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Campfire Safety
You may have fond memories of camping as a child—singing songs and telling stories around the campfire, roasting marshmallows, listening to the crackling fire and gazing at the stars. No doubt, you'd like to share these happy experiences with your children. Camping can be a fun and enriching activity for kids, but it's important to take precautions to protect them from injuries, especially around the campfire. In fact, burns from campfires are the leading cause of camping injuries for children, and children under age 4 are at greatest risk.

Here are some tips from health and safety experts for having a fun and safe campfire experience with your children:

1. Be prepared.
  • Only build a fire if it's allowed for the weather conditions. Don't make one if it's very dry or windy, and there's danger of spreading a wildfire.
  • Know first aid for burns and have first aid supplies on hand, such as soap and water, antibiotic ointment, gauze, bandages and tape. Know how to assess a burn and when your child needs emergency care.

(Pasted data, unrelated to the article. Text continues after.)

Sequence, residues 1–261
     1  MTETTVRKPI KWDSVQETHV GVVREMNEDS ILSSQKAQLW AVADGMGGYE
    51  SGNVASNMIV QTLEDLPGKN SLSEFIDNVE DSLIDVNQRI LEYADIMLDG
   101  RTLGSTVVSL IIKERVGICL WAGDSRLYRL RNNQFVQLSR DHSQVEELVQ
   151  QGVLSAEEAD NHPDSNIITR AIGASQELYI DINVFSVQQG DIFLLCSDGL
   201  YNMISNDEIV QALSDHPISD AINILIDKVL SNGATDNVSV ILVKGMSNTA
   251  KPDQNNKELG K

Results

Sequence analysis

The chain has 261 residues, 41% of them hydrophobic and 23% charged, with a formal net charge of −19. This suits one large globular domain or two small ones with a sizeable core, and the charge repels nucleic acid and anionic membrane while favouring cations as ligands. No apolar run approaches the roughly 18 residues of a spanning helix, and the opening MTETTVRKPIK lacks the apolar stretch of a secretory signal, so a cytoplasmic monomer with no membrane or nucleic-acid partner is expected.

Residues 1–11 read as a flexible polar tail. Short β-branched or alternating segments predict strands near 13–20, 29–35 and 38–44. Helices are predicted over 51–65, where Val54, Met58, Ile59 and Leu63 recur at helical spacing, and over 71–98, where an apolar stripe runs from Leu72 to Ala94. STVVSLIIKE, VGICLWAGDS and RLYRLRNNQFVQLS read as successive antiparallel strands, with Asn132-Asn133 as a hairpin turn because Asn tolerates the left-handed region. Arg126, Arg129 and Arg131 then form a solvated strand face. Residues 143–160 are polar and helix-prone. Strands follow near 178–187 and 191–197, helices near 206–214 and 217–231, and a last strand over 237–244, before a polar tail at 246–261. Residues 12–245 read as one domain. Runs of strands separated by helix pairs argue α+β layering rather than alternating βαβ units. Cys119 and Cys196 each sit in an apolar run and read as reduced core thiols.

• Keep emergency telephone numbers handy and, when possible, a cell phone. Know the location of the nearest telephone or ranger station.

2. Build a safe fire.
  • Use designated fire pits, if available, to contain the fire.
  • Surround the pit with rocks and clear away the soil in a 5-foot wide area surrounding the pit, since the fire can throw off sparks.
  • Build the fire away and downwind from anything that can burn, such as overhanging branches, tents and buildings. Stack firewood away from the fire.
  • Don't use lighter fluid or gasoline to start the fire. Either could explode in your face.
  • Keep a bucket of water and a shovel nearby to put out the fire.
  • Never leave a burning fire unattended. When you leave, drown the fire with water and stir the ashes until cool.

3. Supervise children at all times.
  • Make a safe play area for children and pets away from the fire.
  • Make sure kids wear shoes to avoid splinters from wood and burning their feet on hot coals.
  • Don't let them build the fire or throw things into it.
  • Keep matches and lighters out of reach of children.
  • When roasting marshmallows, hold the stick for young children and instruct older children to stand as far away from the fire as possible. Let the marshmallow cool down before touching or eating it.
  • Teach children what to do if their clothes catch on fire: stop, drop and roll on the ground.
Karen Sokal-Gutierrez M.D., M.P.H. Pediatrician